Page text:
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last hacked on Jul 22, 2017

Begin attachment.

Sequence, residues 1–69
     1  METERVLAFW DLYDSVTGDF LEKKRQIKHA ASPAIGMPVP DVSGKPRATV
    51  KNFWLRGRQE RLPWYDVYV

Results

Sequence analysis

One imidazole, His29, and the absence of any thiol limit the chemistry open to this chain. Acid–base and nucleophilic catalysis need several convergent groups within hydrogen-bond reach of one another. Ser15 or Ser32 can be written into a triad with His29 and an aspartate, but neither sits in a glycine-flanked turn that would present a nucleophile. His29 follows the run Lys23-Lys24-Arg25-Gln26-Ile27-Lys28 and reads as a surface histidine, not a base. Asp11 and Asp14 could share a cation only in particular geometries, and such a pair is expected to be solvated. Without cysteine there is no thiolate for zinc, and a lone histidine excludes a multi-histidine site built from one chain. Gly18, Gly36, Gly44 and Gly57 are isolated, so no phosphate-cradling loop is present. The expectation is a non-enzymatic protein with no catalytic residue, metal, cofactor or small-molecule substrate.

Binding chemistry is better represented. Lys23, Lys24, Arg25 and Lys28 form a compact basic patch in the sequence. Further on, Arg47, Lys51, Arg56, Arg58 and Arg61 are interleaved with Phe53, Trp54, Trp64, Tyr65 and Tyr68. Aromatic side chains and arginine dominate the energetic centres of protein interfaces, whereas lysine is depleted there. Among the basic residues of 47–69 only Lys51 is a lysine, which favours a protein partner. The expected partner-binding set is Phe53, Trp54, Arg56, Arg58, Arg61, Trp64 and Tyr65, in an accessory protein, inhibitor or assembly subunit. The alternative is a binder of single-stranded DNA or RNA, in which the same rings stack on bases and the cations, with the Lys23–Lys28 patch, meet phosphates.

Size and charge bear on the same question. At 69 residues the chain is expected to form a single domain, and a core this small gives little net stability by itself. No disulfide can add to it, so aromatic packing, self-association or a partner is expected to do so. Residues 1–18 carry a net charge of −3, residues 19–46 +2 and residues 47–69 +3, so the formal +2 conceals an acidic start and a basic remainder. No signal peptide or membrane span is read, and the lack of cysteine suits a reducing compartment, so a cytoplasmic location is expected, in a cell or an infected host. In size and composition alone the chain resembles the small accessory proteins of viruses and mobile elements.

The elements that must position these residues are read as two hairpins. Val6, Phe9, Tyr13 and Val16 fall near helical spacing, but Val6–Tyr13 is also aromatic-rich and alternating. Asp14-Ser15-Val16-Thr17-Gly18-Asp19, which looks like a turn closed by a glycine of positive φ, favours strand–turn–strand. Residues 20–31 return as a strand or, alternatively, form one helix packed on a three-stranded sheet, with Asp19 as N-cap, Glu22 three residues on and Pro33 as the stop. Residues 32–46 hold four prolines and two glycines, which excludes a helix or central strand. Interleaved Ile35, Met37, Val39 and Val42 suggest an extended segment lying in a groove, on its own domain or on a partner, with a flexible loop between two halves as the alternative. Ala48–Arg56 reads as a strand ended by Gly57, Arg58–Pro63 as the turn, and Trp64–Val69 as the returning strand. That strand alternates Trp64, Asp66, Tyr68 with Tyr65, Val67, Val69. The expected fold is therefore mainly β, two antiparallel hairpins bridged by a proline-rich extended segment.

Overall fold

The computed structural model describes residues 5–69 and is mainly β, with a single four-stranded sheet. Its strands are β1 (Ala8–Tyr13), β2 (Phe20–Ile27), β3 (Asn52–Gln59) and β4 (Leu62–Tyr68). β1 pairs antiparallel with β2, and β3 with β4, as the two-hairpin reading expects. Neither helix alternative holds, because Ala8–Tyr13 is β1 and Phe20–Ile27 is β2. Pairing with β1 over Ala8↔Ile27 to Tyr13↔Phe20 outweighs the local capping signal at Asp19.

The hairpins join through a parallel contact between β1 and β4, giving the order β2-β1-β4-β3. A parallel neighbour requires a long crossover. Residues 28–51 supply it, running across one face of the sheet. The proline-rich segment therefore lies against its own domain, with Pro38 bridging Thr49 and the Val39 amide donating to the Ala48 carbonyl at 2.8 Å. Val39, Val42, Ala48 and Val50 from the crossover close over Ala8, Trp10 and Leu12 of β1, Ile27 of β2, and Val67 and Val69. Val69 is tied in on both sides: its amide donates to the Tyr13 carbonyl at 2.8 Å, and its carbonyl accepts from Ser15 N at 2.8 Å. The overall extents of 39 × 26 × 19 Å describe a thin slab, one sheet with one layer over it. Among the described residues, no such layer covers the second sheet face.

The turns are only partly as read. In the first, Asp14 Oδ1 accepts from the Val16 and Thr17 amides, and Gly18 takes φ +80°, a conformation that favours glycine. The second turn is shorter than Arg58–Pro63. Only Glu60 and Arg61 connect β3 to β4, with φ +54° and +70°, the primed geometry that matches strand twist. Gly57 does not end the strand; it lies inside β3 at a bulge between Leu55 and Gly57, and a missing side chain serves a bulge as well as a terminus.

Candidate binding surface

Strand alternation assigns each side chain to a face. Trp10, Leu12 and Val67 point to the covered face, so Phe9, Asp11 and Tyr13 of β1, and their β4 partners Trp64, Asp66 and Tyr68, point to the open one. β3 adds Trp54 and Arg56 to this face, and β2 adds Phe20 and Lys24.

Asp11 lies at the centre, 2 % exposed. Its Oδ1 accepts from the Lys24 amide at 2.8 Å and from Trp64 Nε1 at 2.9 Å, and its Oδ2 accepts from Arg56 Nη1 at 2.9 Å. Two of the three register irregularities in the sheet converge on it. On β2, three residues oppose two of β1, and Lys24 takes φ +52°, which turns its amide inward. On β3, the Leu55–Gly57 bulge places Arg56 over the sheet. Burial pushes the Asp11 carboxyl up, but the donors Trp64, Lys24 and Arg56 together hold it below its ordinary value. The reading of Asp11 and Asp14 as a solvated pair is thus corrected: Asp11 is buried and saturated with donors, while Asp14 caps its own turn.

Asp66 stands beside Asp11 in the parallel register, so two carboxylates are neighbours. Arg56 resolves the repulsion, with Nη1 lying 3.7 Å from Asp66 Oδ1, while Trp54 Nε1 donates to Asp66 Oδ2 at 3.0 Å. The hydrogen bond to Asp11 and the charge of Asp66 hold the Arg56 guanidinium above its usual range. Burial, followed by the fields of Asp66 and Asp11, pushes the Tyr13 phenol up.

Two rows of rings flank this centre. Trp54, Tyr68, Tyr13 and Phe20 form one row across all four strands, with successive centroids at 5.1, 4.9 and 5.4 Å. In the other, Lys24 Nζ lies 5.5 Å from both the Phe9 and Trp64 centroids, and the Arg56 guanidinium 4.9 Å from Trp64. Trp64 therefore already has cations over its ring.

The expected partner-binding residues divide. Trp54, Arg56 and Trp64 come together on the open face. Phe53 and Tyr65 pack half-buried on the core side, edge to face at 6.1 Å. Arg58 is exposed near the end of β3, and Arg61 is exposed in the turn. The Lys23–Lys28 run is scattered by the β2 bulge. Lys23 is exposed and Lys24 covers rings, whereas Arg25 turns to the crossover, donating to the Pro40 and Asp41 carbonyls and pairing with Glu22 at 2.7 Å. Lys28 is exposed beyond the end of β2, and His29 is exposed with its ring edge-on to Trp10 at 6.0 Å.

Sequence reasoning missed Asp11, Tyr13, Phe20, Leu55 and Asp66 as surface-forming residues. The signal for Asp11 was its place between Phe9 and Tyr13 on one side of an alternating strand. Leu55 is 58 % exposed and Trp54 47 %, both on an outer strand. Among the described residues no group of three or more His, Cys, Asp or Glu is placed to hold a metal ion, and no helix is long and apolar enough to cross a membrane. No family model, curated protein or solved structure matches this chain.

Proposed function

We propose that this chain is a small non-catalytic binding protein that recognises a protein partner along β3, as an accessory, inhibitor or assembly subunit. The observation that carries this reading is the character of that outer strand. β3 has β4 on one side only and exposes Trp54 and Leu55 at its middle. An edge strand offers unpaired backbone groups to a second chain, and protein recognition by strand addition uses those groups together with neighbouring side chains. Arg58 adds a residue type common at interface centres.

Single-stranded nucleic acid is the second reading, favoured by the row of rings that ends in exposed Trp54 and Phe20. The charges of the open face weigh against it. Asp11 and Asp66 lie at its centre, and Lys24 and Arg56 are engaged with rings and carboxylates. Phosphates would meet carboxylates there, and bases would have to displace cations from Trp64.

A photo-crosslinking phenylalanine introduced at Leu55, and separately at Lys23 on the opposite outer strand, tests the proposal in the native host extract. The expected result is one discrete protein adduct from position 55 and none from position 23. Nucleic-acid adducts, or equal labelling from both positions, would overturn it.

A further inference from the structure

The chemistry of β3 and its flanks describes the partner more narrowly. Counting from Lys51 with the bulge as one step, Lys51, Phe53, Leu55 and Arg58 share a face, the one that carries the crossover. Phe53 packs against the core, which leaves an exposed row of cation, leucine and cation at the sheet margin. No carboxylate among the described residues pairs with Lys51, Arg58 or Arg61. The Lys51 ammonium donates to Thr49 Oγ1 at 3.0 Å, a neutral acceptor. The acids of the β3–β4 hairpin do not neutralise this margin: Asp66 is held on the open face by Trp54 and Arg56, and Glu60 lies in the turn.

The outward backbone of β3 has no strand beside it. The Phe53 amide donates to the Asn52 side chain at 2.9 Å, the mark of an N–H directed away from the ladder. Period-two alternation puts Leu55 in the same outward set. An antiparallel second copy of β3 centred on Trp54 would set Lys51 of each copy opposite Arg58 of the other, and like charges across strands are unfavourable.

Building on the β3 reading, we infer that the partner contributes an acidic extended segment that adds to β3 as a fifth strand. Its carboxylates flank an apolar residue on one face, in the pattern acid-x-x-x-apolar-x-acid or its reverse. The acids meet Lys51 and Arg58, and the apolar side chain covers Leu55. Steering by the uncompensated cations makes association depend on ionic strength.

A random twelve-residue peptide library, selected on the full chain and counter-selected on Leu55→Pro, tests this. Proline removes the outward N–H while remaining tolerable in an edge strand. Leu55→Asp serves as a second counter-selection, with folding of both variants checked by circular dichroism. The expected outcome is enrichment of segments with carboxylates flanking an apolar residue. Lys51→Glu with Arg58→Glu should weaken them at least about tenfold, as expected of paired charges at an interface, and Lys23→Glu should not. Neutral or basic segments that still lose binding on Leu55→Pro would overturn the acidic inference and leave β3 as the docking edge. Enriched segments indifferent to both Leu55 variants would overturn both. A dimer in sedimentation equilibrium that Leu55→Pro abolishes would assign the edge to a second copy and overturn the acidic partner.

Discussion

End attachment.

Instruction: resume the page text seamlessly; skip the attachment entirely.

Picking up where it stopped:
# Introduction This repo is dedicated to create data visualization for uber and other for-hire vehicle pickups in New York City. We used datasets from [Kaggle](https://www.kaggle.com/fivethirtyeight/uber-pickups-in-new-york-city). The goal of this project was to visualize the data in different ways and point out any interesting discoveries. One thing we sought to discover was the meaning behind the base codes that accompanied each uber pickup. A quick search led to these codes being associated with several of Uber's bases. Base Code | Base Name ---|--------- B02512 | Unter B02598 | Hinter B02617 | Weiter B02682 | Schmecken B02764 | Danach-NY B02765 | Grun B02835 | Dreist B02836 | Drinnen These are Uber's bases located in New York. Each uber pickup is affiliated with a TLC (Taxi and Limousine Commission) company base. # Loading Packages library(ggplot2) library(plotly) #used along with ggplot2 for data visualization. library(ggmap) #used for geocoding library(plyr) #used along with dplyr to aggregate data library(dplyr) # Plot of Total Uber Pickups First, we read the data taken from Kaggle.com. In order to keep the plot simple, we only used Uber pickup data from April 2014. # Read data uber_apr14 <- read.csv("/Users/Shon/Documents/MyProjects/Data Science/uber data visualization/uber-pickups-in-new-york-city/uber-raw-data-apr14.csv") We then got a map of New York City using the ggmap package. # Get map of New York City NY <- get_map(location = c(lon = mean(uber_apr14$Lon), lat = mean(uber_apr14$Lat)), zoom = 10, maptype = "roadmap", color = "bw") NYmap <- ggmap(NY) Using the map of New York City as the background, we plotted the Uber pickup locations. Because we used the "city" zoom value for our map of New York City, we decided that all pickup locations outside the map would be labeled as outliers. fullMap <- NYmap + geom_point(data = uber_apr14, aes(x = Lon, y = Lat), colour = '#000066', size = 0.1, alpha = 0.5, na.rm = TRUE) + labs(x = "Longitude", y = "Latitude", title = "Plot for all Base Codes", color = "Base Code") fullMap ![](https://github.com/Inouyesan/DataVisualization_Uber_R/blob/master/IMAGE/Uber_plot_all2.png?raw=true) # Bar Graph of Uber Pickups by TLC Base Code With every Uber pickup, there is a TLC base company code that is associated with it. To get a better understanding of what these codes mean, we created a bar graph of the number of pickups for each base code. # SEPARATING DATA BASED ON UBER BASE uber_baseB02512 <- filter(uber_apr14, Base == "B02512") uber_baseB02598 <- filter(uber_apr14, Base == "B02598") uber_baseB02617 <- filter(uber_apr14, Base == "B02617") uber_baseB02682 <- filter(uber_apr14, Base == "B02682") uber_baseB02764 <- filter(uber_apr14, Base == "B02764") # CREATE BAR GRAPH OF UBER DATA BY BASE numrow_B02512 <- nrow(uber_baseB02512) numrow_B02598 <- nrow(uber_baseB02598) numrow_B02617 <- nrow(uber_baseB02617) numrow_B02682 <- nrow(uber_baseB02682) numrow_B02764 <- nrow(uber_baseB02764) # Create bar graph using plotly basedata <- ggplot(data = barData) + geom_bar(aes(x = namePickups, y = numPickups), fill = "#0099cc", stat = "identity") + xlab("Base Code") + ylab("Number of Pickups") + ggtitle("Uber Pickups by Base Code") + theme_minimal() ggplotly(basedata) <iframe width="900" height="800" frameborder="0" scrolling="no" src="//plot.ly/~inouyesan/12.embed"></iframe> Here, we can see that there is a very large difference between the number of pickups for each base code. Base codes B02682 (Schmecken) and B02598 (Hinter) have over 150,000 pickups in the month of April while base codes B02512 (Unter) and B02764 (Danach-NY) do not even reach 50,000 pickups. Now, we can plot the pickup points on a map and distinguish them based on their base codes. # PLOT BY BASES base_plot <- NYmap + geom_point(data = uber_apr14, mapping = aes(x = Lon, y = Lat, colour = factor(uber_apr14$Base)), size = 0.1, alpha = 0.4, na.rm = TRUE) + scale_color_manual(values = c("#CA226B", "#7F462c", "#006600", "#2B60DE", "#008080")) + labs(x = "Longitude", y = "Latitude", title = "Plot by Base Codes", color = "Base Code") base_plot ![](https://github.com/Inouyesan/DataVisualization_Uber_R/blob/master/IMAGE/Uber_plot_bases.png?raw=true) # Plot of Uber Pickups for each Individual Base Code We can also plot the pickups for each base individually in order to see which areas these codes cover. ### PLOT DATA BY UBER BASE ### #Base B02512 base_B02512 <- NYmap + geom_point(data = uber_baseB02512, mapping = aes(x = Lon, y = Lat, colour = factor(uber_baseB02512$Base)), alpha = 0.4, na.rm = TRUE) + scale_color_manual(values = c("#CA226B")) + labs(x = "Longitude", y = "Latitude", title = "Plot for Base Code B02512", color = "Base Code") #Base B02598 base_B02598 <- NYmap + geom_point(data = uber_baseB02598, mapping = aes(x = Lon, y = Lat, colour = factor(uber_baseB02598$Base)), alpha = 0.4, na.rm = TRUE) + scale_color_manual(values = c("#7F462c")) + labs(x = "Longitude", y = "Latitude", title = "Plot for Base Code B02598", color = "Base Code") #Base B02617 base_B02617 <- NYmap + geom_point(data = uber_baseB02617, mapping = aes(x = Lon, y = Lat, colour = factor(uber_baseB02617$Base)), alpha = 0.4, na.rm = TRUE) + scale_color_manual(values = c("#006600")) + labs(x = "Longitude", y = "Latitude", title = "Plot for Base Code B02617", color = "Base Code") #Base B02682 base_B02682 <- NYmap + geom_point(data = uber_baseB02682, mapping = aes(x = Lon, y = Lat, colour = factor(uber_baseB02682$Base)), alpha = 0.4, na.rm = TRUE) + scale_color_manual(values = c("#2B60DE")) + labs(x = "Longitude", y = "Latitude", title = "Plot for Base Code B02682", color = "Base Code") #Base B02764 base_B02764 <- NYmap + geom_point(data = uber_baseB02764, mapping = aes(x = Lon, y = Lat, colour = factor(uber_baseB02764$Base)), alpha = 0.4, na.rm = TRUE) + scale_color_manual(values = c("#008080")) + labs(x = "Longitude", y = "Latitude", title = "Plot for Base Code B02764", color = "Base Code") plot(base_B02512) plot(base_B02598) plot(base_B02617) plot(base_B02682) plot(base_B02764) ![](https://github.com/Inouyesan/DataVisualization_Uber_R/blob/master/IMAGE/Uber_base_B02512.PNG?raw=true) ![](https://github.com/Inouyesan/DataVisualization_Uber_R/blob/master/IMAGE/Uber_base_B02598.PNG?raw=true) ![](https://github.com/Inouyesan/DataVisualization_Uber_R/blob/master/IMAGE/Uber_base_B02617.PNG?raw=true) ![](https://github.com/Inouyesan/DataVisualization_Uber_R/blob/master/IMAGE/Uber_base_B02682.PNG?raw=true) ![](https://github.com/Inouyesan/DataVisualization_Uber_R/blob/master/IMAGE/Uber_base_B02764.PNG?raw=true) # Using Plotly to See Pickups Over Time # Remove minutes and seconds from Date.Time and create Day column uber_apr14$Date.Time <- as.Date(uber_apr14$Date.Time, "%m/%d/%Y") uber_apr14$Day <- format(as.Date(uber_apr14$Date.Time, format = "%m/%d/%Y"), "%d") #adds a Day column newber <- count(uber_apr14, as.numeric(Day)) colnames(newber)[1] <- "Day" colnames(newber)[2] <- "Number of Rides" line <- ggplot(newber, aes(x = Day, y = `Number of Rides`)) + geom_area(alpha = 1, position = position_dodge(width = 0.05), fill = '#0099ff') + xlab("Day") + ylab("Total Rides per Day") + ggtitle("Total Uber Rides in New York City in the month of April") + theme_minimal() ggplotly(line) We created a new column in our dataset that had each uber pickup with the day it occured. This was necessary because the original date was in a format that was not compatible. Once we had the day for each pickup, we could sum the number of rides on for a particular day and graph it to create an interactive linegraph. <iframe width="900" height="800" frameborder="0" scrolling="no" src="//plot.ly/~inouyesan/14.embed"></iframe> We did not choose the month of April for any particular reason - any month would have worked. The data was just used in order to showcase a line graph produced through plotly. We see that across the course of the month, the total number of rides fluctuate between highs and lows, and we see that at the end of the month there is a spike in usage. After looking at the month of April for 2014, we can see that there is a gradual increase of Uber pickups through the work week, peaking at the end of the week (Thursday through Saturday). We then see a big drop on Sunday and the trend repeats. # Conclusion Given our dataset, we produced points on a map, a histogram, and a line graph. Our original goal was to visualize the data in order to see any interesting observations. By geocoding, we were able to clearly see which areas of New York were more dense in activity. If the maps by base were not enough, the histogram clearly shows which Uber bases complete more pickups. Finally, the line graph allows us to see if there are any trends within the pickup activity.